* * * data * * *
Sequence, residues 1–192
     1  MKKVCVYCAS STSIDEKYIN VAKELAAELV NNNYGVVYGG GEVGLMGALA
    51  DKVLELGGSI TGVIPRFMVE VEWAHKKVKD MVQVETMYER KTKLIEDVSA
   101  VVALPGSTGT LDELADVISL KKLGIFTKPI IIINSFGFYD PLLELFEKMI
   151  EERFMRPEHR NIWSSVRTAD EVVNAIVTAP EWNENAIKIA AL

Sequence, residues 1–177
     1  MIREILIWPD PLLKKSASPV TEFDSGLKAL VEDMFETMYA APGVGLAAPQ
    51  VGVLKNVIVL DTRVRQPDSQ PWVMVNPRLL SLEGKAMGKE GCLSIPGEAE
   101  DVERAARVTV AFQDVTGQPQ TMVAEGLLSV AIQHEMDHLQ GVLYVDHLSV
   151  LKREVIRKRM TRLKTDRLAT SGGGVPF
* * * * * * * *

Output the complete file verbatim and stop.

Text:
Sequence, residues 1–192
     1  MKKVCVYCAS STSIDEKYIN VAKELAAELV NNNYGVVYGG GEVGLMGALA
    51  DKVLELGGSI TGVIPRFMVE VEWAHKKVKD MVQVETMYER KTKLIEDVSA
   101  VVALPGSTGT LDELADVISL KKLGIFTKPI IIINSFGFYD PLLELFEKMI
   151  EERFMRPEHR NIWSSVRTAD EVVNAIVTAP EWNENAIKIA AL

Sequence, residues 1–177
     1  MIREILIWPD PLLKKSASPV TEFDSGLKAL VEDMFETMYA APGVGLAAPQ
    51  VGVLKNVIVL DTRVRQPDSQ PWVMVNPRLL SLEGKAMGKE GCLSIPGEAE
   101  DVERAARVTV AFQDVTGQPQ TMVAEGLLSV AIQHEMDHLQ GVLYVDHLSV
   151  LKREVIRKRM TRLKTDRLAT SGGGVPF